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Last season Can-Am knocked our collective socks clean off our feet with the introduction of the next generation G2 Outlander boasting an all-new 82 horsepower 1000 Rotax V-twin.

Absent from the lot was a Max version in this chassis, but we had a hunch it wouldn’t be far behind. When the marketing team pulled the sheets off the G2 Max this spring we weren’t surprised, but were nonetheless excited to get out on the trail to test it out.

There’s an Outlander Max for just about any budget from the mid-bore 500 right up to the ridiculously potent1000 Rotax V-twin and it is available in a variety of packages including the DPS, XT, XT-P and the top-of-the-heap Limited boasting Pearl white paint, slick suspension and a Garmin nav system.

Interesting to note, Can-Am’s Tri-Mode Dynamic Power Steering is available at each trim level to reduce steering effort and feedback up through the handlebars while meandering through S-bends or tight, rock strewn turns.

At the push of a button simply select your preferred level of assistance based on the situation to ease steering effort at each turn.

The Surrounding Spar Technology G2 frame claims increased strength compared to a traditional steel tube chassis requiring fewer welds. Can-Am’s engineers claim fewer parts are used than on its previous Max models and the SST G2 frame has twice the torsional stiffness than before.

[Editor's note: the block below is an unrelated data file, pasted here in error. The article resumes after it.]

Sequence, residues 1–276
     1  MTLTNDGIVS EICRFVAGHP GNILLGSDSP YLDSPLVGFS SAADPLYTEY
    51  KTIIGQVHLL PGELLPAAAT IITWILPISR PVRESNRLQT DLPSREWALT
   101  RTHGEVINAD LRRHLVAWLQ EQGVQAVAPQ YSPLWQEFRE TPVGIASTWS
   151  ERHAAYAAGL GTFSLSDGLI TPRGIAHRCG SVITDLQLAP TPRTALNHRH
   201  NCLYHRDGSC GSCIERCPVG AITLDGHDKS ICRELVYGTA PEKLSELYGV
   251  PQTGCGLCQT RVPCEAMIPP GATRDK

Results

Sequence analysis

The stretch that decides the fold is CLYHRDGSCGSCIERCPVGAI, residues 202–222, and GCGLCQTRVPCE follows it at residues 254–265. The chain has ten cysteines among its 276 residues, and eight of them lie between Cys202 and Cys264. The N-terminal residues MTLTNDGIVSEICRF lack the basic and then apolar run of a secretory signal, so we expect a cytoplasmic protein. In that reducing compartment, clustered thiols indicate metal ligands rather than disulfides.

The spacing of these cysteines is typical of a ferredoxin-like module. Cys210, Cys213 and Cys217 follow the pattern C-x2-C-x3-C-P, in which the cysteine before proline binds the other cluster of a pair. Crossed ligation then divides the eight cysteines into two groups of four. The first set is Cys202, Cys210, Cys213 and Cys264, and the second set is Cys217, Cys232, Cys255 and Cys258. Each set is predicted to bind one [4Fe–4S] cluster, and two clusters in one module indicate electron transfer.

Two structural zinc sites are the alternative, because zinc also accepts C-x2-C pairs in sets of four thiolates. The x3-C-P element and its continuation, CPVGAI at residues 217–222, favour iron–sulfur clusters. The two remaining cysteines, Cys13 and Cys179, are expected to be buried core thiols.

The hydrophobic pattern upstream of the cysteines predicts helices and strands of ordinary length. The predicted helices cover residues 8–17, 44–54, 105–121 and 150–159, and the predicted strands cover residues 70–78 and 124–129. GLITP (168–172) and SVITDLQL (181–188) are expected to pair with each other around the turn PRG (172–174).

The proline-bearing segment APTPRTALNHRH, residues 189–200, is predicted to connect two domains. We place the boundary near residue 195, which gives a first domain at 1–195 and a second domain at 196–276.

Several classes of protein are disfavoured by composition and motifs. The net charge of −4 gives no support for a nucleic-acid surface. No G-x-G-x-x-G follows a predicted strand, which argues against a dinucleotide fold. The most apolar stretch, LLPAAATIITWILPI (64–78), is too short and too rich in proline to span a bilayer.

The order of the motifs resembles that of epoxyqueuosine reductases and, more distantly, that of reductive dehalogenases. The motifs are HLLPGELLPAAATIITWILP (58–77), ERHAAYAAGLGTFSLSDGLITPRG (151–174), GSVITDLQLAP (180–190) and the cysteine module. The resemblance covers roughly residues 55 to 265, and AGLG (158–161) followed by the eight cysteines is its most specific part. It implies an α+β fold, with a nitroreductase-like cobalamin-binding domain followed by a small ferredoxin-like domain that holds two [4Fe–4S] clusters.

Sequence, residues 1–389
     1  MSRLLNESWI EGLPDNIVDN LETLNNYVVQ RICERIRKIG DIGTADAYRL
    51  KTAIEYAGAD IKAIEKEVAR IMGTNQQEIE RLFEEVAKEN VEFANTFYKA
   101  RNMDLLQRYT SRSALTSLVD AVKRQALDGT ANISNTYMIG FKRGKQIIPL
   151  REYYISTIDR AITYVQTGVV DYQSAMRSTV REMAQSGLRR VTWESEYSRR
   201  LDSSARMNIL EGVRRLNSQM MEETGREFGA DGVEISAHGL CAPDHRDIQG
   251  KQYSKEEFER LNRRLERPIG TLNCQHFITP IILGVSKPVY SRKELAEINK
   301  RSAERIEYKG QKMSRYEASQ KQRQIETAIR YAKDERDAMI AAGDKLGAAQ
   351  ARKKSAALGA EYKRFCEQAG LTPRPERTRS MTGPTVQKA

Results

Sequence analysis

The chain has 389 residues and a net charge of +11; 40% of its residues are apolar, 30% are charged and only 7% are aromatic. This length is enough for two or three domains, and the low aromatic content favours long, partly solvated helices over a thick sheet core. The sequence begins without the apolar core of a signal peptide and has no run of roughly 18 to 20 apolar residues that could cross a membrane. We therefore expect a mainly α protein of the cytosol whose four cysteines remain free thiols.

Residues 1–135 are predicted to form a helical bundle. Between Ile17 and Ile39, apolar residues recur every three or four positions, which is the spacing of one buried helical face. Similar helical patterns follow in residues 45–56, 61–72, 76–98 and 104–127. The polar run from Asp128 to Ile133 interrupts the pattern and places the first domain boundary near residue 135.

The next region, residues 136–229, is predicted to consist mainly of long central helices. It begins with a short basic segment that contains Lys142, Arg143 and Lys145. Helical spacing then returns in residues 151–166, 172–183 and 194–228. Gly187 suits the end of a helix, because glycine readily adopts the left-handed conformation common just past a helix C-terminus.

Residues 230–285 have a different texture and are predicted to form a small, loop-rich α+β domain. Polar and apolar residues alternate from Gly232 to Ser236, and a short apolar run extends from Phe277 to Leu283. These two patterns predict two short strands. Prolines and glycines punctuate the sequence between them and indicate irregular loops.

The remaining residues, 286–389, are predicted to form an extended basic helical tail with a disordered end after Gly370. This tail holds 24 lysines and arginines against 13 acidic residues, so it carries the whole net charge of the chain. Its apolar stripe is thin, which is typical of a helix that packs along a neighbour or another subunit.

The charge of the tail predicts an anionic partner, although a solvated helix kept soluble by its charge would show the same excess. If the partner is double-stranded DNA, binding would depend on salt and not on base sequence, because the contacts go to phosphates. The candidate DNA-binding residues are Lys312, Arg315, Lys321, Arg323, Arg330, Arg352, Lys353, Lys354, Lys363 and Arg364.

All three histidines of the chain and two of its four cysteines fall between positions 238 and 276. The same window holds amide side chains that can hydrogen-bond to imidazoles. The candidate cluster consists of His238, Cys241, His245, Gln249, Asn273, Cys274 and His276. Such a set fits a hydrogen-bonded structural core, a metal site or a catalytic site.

What does this equate to? It means your Max is better suited to meet the abuse you inflict upon it week after week. Don’t believe us? This is the same chassis used in Can-Am’s 2013 X mr mud crawling monster, which is a favorite amongst mudders.

In true Can-Am fashion, its engineers have served up comfort for the rider and passenger on a silver platter by adding Fox ACS air assist 6-way adjustable rear suspension to its Max Limited model.

At the flick of your thumb, you can increase or decrease stiffness on the fly to smooth out trail chatter and tailor your ride to your preference or to the preference of the passenger.

The Outlander Max has always been the pinnacle of 2-up comfort. Its 59-inch wheelbase provides spacious comfort for both rider and passenger featuring a re-designed passenger seat with a taller more flexible backrest plus multi-position passenger handholds to ensure the tightest grip while climbing steep hills or when the throttle gets squeezed.

For those rare opportunities when you can get out on the trail without the rear seat occupied, the Max will convert to a 1-up machine in seconds with its unique convertible rack system executing Can-Am’s LinQ technology. With the back seat removed, anyone would swear you were riding a standard sized Outlander and if they aren’t fooled? Simply blow the doors off their ATV with a wick of the throttle.

If there’s one thing the 2013 Max give back to its buyer it is options. Whether it’s the trim level, the engine size, input from the dynamic power steering or push button air assisted suspension, Can-Am’s 2013 Outlander Max gives you the control to tailor your riding experience to whatever you want it to be.

Mike Lester
Mike Lester
Mike Lester is Staff Photographer and Digital Content Manager for Dirt Trax TV. He is also a Contributing Editor and Guest Correspondent on the show.

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